Lincolnshire, a maritime county of England, after Yorkshire the largest in the country, is bounded N. by the Humber, E. by the North Sea, the Wash, and Norfolk, and elsewhere by Cambridge, Northampton, Rutland, Leicester, Nottingham, and York shires. Measuring 75 miles from N. to S., and 48 from E. to W., it has a seaboard of about 90, and contains 2672 sq. m., or 1,767,879 acres. Pop. (1801) 208,557 ; (1841)362,602; (1901) 498,781. The surface is comparatively flat: along the coast stretch low-lying marshes, from which in places the sea is only kept out by means of embankments. West of these marshes lie the Wolds, a range of chalk downs, which, commencing near Barton-on-Humber in the north, extend thence 40 miles south-eastward to the neighbourhood of Spilsby and Horncastle. The western side of the county, from the Humber in the north through Lincoln to Grantham in the south, consists principally of light uplands, whilst in the south-east are fens forming part of the Bedford Level (q.v.). The chief rivers are the Trent, Witham, and Welland; and a noticeable feature of the county are the numerous canals which intersect it - Car-dyke and Foss-dyke, the two largest, being probably the work of the Romans. Near Ancaster limestone is extensively quarried, and in the western districts ironstone abounds. The chief crops are corn and turnips, and in places flax is cultivated; the county is famous for its rich 'warp-lands' along the banks of the Trent, and its immense flocks of sheep. Horse-breeding, too, is extensively prosecuted, with great horse-fairs at Horncastle and Lincoln; other industries are the manufacture of agricultural implements and machinery, and the shipping trade and fisheries of Grimsby.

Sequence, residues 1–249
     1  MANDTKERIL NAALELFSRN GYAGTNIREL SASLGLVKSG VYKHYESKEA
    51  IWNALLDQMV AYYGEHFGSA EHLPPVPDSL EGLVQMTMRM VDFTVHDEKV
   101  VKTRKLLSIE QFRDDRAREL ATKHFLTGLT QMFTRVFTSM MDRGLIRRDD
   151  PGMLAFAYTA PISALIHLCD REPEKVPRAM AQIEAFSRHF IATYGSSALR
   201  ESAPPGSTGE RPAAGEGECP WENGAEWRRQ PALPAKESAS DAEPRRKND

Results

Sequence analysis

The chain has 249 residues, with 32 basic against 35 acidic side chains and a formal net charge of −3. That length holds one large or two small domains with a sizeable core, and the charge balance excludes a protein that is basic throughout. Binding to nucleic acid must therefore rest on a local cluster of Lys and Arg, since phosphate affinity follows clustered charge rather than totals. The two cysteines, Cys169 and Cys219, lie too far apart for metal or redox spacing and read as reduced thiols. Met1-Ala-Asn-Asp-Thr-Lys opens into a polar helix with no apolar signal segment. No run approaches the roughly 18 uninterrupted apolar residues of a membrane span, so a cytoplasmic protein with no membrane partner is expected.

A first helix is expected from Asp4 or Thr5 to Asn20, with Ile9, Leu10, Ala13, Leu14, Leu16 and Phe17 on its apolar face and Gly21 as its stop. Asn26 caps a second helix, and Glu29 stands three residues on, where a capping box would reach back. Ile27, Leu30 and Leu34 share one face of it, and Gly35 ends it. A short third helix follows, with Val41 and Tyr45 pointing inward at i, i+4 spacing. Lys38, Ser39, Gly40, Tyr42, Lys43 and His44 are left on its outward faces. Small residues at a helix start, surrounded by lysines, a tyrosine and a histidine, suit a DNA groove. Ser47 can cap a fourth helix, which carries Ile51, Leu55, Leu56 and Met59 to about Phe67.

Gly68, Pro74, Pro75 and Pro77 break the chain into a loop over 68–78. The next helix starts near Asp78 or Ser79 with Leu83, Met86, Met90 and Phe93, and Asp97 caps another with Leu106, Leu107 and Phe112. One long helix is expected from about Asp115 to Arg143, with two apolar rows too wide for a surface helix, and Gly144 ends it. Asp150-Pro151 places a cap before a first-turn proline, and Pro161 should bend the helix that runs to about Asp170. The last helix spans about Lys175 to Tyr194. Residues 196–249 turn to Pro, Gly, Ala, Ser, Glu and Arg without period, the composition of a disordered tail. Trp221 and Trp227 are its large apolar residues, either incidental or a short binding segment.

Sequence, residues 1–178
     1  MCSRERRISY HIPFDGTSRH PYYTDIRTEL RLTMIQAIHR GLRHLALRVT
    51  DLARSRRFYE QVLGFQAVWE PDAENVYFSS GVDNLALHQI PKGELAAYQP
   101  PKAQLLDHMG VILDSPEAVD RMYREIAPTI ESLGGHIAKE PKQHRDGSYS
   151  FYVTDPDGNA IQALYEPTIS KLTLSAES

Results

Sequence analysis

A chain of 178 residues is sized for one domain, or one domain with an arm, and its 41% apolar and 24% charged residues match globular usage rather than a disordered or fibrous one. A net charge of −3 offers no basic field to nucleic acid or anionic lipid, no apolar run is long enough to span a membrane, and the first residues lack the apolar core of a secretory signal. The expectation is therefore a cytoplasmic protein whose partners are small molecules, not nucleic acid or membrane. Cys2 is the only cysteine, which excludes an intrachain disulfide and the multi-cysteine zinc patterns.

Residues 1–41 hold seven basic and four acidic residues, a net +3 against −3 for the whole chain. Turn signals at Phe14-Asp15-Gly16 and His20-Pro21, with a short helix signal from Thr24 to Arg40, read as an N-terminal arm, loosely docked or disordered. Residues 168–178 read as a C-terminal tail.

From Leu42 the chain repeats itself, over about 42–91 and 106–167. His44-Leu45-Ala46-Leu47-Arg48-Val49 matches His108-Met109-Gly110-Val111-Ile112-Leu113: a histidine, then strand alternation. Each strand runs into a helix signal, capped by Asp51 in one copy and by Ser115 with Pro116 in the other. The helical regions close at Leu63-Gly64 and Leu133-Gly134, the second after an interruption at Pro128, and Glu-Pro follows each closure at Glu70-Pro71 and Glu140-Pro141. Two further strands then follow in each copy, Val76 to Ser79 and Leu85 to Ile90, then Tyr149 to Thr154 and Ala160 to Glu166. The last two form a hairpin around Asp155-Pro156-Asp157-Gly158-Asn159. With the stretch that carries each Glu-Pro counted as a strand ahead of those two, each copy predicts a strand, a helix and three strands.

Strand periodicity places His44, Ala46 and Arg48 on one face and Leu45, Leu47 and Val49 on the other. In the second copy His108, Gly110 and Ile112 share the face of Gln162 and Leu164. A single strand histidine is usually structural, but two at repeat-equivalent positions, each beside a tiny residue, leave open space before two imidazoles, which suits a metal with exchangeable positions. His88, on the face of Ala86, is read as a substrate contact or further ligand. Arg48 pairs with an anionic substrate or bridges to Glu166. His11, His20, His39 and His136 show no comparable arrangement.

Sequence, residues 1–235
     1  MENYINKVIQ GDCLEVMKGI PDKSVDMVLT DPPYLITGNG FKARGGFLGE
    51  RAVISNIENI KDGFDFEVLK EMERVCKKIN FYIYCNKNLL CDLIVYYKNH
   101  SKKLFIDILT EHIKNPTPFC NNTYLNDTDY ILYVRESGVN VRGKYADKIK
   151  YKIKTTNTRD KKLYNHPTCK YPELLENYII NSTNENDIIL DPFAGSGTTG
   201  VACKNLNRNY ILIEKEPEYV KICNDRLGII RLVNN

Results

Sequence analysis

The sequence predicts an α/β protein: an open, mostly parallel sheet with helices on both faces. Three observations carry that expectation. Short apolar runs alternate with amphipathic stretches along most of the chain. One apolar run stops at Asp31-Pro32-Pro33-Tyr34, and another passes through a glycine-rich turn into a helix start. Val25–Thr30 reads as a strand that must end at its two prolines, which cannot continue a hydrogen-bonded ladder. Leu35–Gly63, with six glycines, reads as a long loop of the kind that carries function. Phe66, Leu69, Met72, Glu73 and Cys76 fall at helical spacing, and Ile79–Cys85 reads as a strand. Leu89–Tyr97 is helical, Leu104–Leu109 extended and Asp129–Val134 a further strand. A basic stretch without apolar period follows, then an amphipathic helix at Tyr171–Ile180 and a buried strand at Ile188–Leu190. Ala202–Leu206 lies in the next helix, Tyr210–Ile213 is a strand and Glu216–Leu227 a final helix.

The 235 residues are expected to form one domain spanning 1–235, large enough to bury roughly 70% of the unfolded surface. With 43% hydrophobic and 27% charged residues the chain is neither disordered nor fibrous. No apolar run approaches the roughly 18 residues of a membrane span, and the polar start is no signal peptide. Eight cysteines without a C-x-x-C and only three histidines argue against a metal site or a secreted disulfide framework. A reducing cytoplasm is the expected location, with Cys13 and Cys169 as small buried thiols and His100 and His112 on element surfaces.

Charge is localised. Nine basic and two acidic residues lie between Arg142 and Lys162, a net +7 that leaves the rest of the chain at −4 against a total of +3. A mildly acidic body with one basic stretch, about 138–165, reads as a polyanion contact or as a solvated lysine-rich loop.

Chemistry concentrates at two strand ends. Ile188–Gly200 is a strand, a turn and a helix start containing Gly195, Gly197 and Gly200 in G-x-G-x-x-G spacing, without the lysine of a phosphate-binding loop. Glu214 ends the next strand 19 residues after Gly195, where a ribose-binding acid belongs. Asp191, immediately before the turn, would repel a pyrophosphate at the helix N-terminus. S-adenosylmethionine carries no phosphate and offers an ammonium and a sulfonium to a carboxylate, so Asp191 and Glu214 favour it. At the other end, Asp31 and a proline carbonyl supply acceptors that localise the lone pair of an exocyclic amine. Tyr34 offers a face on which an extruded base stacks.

Lincolnshire is divided into three districts or * Parts' - viz. the Parts of Holland in the southeast, comprising the greater part of the Fens, the Parts of Kesteven in the south-west, and the Parts of Lindsey, which is by far the largest, occupying the remainder of the county. These Parts, each with its own county council, are subdivided into thirty-one wapentakes or hundreds, the city of Lincoln and the municipal boroughs of Boston, Grantham, Great Grimsby, and Louth, with part of Stamford (the rest being in Northamptonshire), and contain in all 757 parishes, almost entirely situate in the diocese of Lincoln and midland circuit. For parliamentary purposes the county is divided into seven divisions, and the boroughs of Boston, Grantham, Grimsby, and Lincoln, each returning one member. Other towns are Clee-thorpes (practically a suburb of Grimsby), Gainsborough, Sleaford, Spalding, and Sutton.

The insurrection known as the 'Pilgrimage of Grace' (1536) broke out in Lincolnshire; and in 1643, during the Civil War, Ancaster, Gainsborough, Grantham, and Winceby were the scene of contests between the rival forces. To the antiquary Lincolnshire is of special interest on account of the beauty of its many churches - Boston, Crowle, Grantham, Heckington, Louth, Long Sutton, and Tattershall amongst them ; whilst of other places of interest it will suffice to mention here the ruined abbey of Crowland, and Boling-broke Castle, the home of John of Gaunt and of his son Henry IV. Other eminent persons associated with the county include Bishop Grosseteste; John Foxe, the martyrologist; William Cecil, Lord Burghley; Captain John Smith; Archbishop Whitgift; Heywood, the dramatist; Sir Isaac Newton; Thomas Sutton, founder of the Charterhouse ; Dr Busby, head-master of Westminster; John Wesley; Scott, the commentator; Sir John Franklin; Dr Dodd, the forger ; Dr Lingard; Lord Tennyson ; Dr Latham ; Worth ' of Paris ; Jean Ingelow; and Conington. See works by Allen (1834), Anderson (1880), Venables and Perry (1897).